(the next morning)

Sally makes her way to Iron Man’s press conference where she meets fellow journo, Moni. She mentions that the big guns, Fox and CNN, are there, so it must be something. Sally guesses Iron Man may be getting a new costume. They love to make a big deal out of things like that. She adds that Spider-Man showed her his, last night. “Spider-Man showed you his what…?” she replies, before shushing. Iron Man is ready to speak.

Flanked by two secret service agents, Iron Man addresses the assembled press. He informs them that one hour ago he met with the president of the United States. Amongst the items they discussed were the Stamford incident and the proposed Super Hero Registration Act, currently making the rounds of Congress. As they know, this is an historic moment. If the act is passed, as expected, then roughly half of those currently serving them as protectors will be in violation of the law. Over the years, he continues, he has always endeavored to do what is right for the country’s citizens. He has served without question, but as he informed the president this morning, the question of the mask he wears has nagged at his conscience since the day he put it on. He asks who he is hiding from: his enemies or himself?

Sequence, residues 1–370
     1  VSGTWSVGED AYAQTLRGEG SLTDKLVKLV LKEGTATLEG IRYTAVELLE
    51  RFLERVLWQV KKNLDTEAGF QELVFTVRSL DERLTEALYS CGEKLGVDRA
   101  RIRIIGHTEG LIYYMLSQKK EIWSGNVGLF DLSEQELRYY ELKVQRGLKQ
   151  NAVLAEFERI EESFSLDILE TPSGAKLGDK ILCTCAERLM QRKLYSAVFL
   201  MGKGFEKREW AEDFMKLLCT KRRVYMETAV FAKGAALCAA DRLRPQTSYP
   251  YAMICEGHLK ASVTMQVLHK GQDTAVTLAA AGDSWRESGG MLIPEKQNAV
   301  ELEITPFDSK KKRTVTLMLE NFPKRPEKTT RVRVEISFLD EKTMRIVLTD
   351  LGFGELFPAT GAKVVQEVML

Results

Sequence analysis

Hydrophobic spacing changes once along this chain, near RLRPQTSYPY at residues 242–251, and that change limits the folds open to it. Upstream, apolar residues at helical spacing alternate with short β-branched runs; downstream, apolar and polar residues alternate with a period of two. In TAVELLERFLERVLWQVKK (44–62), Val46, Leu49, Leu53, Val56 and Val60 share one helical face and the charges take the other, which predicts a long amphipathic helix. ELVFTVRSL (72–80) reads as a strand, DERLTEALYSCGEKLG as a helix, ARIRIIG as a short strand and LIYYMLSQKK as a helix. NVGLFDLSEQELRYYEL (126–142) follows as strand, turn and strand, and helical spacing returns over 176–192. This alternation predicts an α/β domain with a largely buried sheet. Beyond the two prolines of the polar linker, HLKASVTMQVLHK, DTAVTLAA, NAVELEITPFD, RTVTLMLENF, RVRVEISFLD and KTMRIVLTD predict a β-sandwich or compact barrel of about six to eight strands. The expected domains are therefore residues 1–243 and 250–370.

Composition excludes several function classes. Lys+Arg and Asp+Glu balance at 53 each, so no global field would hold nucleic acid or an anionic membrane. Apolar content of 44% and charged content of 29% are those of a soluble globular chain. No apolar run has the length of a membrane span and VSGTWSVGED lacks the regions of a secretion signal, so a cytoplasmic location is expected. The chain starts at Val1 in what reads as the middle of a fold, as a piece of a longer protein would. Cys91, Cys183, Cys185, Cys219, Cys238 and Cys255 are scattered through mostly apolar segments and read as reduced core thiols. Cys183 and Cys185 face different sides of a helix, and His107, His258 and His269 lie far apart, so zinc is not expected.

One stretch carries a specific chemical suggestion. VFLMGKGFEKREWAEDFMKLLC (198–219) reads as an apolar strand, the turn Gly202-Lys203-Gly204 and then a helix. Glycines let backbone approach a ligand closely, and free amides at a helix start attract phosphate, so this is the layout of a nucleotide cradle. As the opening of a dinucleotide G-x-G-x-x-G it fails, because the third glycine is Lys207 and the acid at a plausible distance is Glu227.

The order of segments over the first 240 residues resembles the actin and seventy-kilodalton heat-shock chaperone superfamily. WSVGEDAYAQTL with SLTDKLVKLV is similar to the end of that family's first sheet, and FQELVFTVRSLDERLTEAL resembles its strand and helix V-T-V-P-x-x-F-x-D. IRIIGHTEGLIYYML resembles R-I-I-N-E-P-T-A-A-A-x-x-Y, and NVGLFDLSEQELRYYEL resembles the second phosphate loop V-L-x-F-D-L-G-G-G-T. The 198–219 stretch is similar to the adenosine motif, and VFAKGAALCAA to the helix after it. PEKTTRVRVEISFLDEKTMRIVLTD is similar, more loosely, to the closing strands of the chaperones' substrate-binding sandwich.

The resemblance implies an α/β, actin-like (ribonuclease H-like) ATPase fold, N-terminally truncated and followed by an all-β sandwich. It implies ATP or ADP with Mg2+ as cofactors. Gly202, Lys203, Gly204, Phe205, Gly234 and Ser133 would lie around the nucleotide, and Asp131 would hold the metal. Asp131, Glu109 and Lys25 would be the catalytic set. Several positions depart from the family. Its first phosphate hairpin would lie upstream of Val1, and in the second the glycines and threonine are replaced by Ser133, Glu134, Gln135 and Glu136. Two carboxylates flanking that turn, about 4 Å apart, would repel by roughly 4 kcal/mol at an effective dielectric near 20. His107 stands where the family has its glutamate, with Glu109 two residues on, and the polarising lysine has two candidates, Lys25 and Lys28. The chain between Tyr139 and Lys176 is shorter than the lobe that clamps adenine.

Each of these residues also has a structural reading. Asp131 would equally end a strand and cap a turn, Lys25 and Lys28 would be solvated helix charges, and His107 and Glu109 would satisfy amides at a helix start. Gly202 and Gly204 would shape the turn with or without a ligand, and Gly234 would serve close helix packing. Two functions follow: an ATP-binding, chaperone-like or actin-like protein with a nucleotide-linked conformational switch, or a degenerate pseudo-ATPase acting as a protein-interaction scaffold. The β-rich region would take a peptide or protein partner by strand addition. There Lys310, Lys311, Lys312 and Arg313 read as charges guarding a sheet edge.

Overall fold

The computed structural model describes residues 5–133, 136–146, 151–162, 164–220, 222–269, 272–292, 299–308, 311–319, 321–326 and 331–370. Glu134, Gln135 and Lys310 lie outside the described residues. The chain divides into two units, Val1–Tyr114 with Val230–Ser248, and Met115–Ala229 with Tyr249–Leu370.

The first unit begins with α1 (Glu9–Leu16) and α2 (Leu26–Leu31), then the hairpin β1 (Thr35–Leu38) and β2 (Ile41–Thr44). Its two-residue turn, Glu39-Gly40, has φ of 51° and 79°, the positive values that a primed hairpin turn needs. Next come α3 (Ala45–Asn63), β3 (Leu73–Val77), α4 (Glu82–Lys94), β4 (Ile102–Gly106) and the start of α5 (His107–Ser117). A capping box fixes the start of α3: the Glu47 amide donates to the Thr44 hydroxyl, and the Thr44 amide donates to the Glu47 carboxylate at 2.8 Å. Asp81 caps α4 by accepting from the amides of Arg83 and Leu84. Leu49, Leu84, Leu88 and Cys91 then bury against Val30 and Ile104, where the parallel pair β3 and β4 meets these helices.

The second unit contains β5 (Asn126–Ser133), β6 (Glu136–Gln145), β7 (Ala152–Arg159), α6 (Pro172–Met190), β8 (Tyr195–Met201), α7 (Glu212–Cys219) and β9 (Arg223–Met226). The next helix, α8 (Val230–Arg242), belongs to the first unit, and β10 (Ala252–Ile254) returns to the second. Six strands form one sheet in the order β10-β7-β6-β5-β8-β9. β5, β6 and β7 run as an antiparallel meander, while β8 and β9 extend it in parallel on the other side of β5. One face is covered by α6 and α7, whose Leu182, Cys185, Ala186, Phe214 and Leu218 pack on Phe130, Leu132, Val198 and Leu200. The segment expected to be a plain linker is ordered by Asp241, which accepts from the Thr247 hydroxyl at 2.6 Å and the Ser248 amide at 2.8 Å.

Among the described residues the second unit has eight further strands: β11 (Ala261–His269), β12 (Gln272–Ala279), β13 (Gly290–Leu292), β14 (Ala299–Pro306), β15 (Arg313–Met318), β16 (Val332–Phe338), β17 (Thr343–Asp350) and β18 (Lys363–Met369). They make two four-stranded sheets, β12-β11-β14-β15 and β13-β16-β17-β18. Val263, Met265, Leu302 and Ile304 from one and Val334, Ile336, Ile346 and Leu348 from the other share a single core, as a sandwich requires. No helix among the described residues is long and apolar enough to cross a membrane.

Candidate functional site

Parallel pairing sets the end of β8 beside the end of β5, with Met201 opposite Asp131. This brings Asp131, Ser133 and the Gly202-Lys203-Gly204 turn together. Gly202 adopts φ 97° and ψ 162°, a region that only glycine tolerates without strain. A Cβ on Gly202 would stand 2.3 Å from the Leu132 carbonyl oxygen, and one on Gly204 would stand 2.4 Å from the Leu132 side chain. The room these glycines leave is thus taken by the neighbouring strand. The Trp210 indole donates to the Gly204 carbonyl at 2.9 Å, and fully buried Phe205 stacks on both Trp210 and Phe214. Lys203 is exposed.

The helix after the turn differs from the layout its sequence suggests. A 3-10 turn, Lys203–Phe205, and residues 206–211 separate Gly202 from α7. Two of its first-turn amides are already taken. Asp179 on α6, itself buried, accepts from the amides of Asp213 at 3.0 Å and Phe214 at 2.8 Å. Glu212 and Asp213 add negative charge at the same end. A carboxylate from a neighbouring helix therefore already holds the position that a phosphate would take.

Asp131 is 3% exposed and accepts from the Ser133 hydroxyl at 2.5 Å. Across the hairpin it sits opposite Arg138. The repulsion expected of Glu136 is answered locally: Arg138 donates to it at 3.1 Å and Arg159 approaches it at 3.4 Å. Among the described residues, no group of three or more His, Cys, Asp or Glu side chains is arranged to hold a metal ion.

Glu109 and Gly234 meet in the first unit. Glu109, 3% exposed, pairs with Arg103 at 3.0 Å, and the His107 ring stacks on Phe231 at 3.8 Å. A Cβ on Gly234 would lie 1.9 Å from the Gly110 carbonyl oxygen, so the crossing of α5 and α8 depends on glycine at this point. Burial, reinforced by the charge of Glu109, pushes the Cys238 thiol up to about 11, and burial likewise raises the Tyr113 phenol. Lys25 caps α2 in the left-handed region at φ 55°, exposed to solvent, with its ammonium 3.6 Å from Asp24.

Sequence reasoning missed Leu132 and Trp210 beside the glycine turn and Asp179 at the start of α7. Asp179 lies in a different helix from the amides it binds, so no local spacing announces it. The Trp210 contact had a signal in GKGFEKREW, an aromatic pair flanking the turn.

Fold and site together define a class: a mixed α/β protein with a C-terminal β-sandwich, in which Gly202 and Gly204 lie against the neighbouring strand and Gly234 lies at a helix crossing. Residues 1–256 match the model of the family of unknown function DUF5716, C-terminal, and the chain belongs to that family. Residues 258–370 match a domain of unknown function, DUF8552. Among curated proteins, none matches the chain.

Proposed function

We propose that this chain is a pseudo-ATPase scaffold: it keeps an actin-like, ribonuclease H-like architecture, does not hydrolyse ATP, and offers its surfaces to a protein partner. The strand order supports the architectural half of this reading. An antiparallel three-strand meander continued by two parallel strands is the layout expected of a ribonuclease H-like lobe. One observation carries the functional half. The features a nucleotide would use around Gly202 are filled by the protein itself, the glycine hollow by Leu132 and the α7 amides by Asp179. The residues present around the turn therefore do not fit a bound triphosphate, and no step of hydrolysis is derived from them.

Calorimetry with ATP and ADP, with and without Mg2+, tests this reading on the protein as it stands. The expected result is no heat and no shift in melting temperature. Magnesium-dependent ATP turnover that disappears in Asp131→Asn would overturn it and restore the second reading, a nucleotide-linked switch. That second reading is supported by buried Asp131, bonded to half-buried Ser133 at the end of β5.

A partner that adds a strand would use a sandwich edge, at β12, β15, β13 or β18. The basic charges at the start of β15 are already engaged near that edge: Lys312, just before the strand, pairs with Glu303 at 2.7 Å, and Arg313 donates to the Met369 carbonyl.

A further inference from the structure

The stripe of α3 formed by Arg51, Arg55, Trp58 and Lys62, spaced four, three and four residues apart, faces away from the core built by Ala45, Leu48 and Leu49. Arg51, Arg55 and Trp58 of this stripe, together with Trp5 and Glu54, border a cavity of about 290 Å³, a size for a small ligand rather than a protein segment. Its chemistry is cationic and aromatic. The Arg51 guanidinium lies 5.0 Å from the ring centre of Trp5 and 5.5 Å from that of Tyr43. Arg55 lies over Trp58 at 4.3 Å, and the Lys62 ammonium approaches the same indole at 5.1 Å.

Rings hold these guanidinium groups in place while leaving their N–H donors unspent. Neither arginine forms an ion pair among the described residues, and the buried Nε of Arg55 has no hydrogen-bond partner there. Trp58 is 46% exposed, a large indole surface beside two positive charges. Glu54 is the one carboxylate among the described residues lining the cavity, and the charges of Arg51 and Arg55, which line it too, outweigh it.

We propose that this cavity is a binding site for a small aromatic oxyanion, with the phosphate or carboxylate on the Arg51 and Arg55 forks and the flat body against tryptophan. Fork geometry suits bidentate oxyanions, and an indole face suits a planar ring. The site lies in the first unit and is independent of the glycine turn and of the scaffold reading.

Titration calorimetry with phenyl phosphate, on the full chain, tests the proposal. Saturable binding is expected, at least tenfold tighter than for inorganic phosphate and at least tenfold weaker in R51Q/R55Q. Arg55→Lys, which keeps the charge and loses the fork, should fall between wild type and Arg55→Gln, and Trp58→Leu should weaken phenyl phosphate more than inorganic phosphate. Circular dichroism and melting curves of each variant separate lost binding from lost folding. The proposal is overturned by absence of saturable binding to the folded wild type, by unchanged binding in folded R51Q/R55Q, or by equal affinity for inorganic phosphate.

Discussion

He tells the press that, in his speech to Congress yesterday, the president spoke of the next logical step they must take to ensure the security of all Americans. He has his own series of ‘steps’ that he long ago promised himself he would take. He asks the audience to look up. As their eyes are raised, they see descending from above, two versions of his armor. On his right is his original grey armor, and on his left, an earlier gold and red version. They hover beside him, as he informs the press that they are some of the many automated suits he has constructed over the years for the sole purpose of protecting his identity. He did this in order to pretend to be in two places at once. In other words… he lied.